Imagining a conflict between the greenback and green mountains is a terrible oversimplification. We only became rich by irreversibly altering our natural environment and destroying much of its beauty, and it is naive to expect the world's poor to enrich themselves without doing that. The only way to preserve the poor parts of the world in a pre-industrial state is by preventing poor countries from developing modern, industrialized economies and all the material benefits they bring: longer, healthier and more comfortable lives, far-lower infant mortality and the elimination of death by starvation.

The cost of preserving foreign wilderness is foreign poverty, and the people living in those countries should decide which they want. It is not for the West to intervene in their affairs.

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-- Garvan Walshe


The colorful dissenter of Benetton

BY DEBRA OLLIVIER
(04/17/00)

Toscani is a classic artist. He has the protection of a wealthy patron, and is allowed to use his art to enrage and/or pique the public mind as long as the patron gets what he wants (in this case, brand recognition.) Toscani's comparison of his relation with Benetton to that of Michelangelo and the pope is an apt one.

As long as Toscani is given carte blanche to make his images, it is his artistic duty to push the imagery ever outward, to constantly test and, if necessary, push back the boundaries of the public consciousness. To do less would be dishonest and unworthy of the label "artist." If the images are politically incorrect and iconoclastic, well, most true art is.

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-- Jeff Rice

What a shame that an opportunity to do good is wasted by the infantile Toscani.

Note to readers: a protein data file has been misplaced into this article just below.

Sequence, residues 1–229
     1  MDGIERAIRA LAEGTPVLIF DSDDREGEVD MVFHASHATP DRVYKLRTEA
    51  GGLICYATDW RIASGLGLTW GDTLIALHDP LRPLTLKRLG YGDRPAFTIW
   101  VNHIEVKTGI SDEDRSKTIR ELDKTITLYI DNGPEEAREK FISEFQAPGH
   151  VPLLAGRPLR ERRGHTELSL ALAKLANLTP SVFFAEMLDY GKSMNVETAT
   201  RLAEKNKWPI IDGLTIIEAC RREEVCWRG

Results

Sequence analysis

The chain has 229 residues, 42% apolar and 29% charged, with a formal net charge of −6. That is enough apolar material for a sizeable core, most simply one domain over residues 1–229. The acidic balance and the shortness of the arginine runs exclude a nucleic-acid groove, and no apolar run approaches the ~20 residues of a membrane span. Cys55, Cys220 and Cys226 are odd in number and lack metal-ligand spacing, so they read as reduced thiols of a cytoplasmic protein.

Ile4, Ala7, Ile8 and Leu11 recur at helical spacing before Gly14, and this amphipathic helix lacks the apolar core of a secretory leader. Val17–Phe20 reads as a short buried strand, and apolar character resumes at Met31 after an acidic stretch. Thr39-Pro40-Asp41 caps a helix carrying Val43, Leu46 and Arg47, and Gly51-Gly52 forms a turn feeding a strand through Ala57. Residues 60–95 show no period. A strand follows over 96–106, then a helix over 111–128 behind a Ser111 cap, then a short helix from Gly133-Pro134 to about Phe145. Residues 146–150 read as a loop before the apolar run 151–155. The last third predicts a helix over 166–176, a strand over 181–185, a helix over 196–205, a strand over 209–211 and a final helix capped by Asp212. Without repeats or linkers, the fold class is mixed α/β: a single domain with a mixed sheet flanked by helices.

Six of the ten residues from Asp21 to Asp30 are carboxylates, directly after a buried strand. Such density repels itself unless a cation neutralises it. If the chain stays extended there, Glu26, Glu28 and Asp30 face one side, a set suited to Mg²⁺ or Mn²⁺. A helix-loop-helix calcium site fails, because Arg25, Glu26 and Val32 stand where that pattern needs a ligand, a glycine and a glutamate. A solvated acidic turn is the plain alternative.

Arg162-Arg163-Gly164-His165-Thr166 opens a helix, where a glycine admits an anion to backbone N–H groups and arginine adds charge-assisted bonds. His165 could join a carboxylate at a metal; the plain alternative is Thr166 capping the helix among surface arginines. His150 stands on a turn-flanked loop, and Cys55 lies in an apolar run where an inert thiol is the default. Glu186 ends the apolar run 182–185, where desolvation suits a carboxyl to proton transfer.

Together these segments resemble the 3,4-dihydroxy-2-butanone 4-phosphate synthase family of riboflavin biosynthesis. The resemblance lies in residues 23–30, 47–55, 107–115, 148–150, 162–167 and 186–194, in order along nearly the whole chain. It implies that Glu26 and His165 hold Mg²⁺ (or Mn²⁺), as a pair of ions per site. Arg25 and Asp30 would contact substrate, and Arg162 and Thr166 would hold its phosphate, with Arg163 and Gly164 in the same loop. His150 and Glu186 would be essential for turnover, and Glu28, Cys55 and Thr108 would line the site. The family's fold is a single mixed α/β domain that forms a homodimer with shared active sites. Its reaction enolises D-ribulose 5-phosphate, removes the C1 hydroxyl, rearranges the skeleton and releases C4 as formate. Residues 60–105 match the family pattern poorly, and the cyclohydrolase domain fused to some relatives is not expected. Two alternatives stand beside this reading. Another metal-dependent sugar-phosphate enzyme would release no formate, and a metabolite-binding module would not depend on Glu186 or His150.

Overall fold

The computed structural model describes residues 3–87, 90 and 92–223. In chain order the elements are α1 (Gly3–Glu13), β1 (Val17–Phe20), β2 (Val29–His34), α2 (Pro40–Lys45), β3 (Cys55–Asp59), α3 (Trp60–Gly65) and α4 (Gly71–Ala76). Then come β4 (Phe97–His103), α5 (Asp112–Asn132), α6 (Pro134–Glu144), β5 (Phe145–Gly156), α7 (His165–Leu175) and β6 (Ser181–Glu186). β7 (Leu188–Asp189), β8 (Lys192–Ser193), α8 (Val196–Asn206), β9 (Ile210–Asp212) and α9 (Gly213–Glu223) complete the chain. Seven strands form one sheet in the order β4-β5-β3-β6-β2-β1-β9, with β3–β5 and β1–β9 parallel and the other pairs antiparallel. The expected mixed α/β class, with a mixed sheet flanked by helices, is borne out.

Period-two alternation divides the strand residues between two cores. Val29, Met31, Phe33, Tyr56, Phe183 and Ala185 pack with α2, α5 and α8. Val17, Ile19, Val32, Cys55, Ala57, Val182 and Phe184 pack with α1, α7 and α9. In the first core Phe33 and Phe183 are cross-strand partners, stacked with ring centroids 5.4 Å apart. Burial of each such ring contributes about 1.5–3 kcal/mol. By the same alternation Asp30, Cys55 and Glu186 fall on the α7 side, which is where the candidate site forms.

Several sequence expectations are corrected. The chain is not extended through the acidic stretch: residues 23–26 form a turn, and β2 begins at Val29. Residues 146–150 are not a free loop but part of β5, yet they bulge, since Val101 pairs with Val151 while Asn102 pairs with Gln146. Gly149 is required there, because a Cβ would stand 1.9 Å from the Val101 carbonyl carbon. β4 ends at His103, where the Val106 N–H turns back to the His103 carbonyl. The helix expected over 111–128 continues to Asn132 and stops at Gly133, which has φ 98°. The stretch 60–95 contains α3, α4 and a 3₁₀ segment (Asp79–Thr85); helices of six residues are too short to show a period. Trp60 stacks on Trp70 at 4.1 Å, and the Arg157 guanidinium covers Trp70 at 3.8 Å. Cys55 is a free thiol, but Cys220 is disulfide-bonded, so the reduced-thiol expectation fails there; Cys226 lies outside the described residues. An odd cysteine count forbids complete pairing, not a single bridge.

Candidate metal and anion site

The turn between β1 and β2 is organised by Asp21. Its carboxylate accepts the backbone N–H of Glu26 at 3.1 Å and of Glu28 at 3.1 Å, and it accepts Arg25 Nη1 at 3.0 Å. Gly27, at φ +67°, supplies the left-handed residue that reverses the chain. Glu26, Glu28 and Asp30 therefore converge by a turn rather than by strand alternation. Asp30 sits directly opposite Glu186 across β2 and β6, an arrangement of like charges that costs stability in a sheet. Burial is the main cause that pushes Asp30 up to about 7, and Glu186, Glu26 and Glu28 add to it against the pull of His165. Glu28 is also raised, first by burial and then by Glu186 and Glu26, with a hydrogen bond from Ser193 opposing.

The death penalty is not wrong because the killers are worthy of sympathy. The death penalty is wrong because of what it makes us become. It is wrong because of our complementary values of peace and justice.

Thank you, Toscani, for completely alienating the crucially decisive American moderates on this issue. They were coming around to support us based on the morality of our position, but that is made far more difficult because of your misguided and profit-motivated ad campaign. Because of your preening arrogance you will have left this world a lesser place.

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-- John McDonough


Live from death row

BY CRAIG OFFMAN
(04/17/00)

In response to Toscani's reference to the Sixth Commandment: I'd just like to point out that the actual translation of the Hebrew is "You shall not murder," not "You shall not kill," an important distinction, as it does not forbid killing of an enemy or punishment by death. In fact, there are many instances in the Torah where the death penalty is specifically called for. Toscani's lame rationalization for his ad campaign tells me his biblical education probably comes from Cecile B. DeMille movies!

-- Josh Levy

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Who wins, who dies?
BY DAVID MCGUIRE
(04/14/00)

McGuire did an acceptable job of critiquing two flawed, centralized approaches to distributing a fixed quantity of resources, but did not touch on the only proposal that could increase the quantity of life-saving donations: legalizing the right of people to be compensated for their donations. Currently federal law prohibits would-be donors and would-be recipients from reaching mutually acceptable terms, and results in thousands of people needlessly dying to preserve the "purity" of a system "untainted" by the stink of money. The time has come to discard the trappings of class warfare and to start saving lives.

--Travis J.I. Corcoran

The article perceives only two alternatives: decisions must be made by the government, or by the medical establishment (which makes fantastic amounts of money from transplants, and is quarreling more about who gets the loot than about the best patient care).
Perhaps David McGuire should shed his paternalistic, statist, hegemonic assumptions and consider letting the donor have a say in who gets her/his organs.

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--James V. DeLong


Fools for love

BY MELANIE REHAK
(04/14/00)

I would like to thank Melanie Rehak for her article on poetry. As an aspiring poet myself, I especially appreciated the following line:

"No one ever admits to loving cummings -- no poet wants to be caught appreciating hopelessly sentimental poetry that was in a Woody Allen movie -- and yet we've all loved it."

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I had no idea that cummings' fascinating, passionate poetry was something that "no poet" would want to "be caught" loving. I'll be sure therefore to hide my enjoyment and admiration of his work. But since I'm a reckless teenager in love, maybe I'll luck out and grow out of this sentimental phase, and start liking more mature poets.

-- Claire Vannette


Salon Staff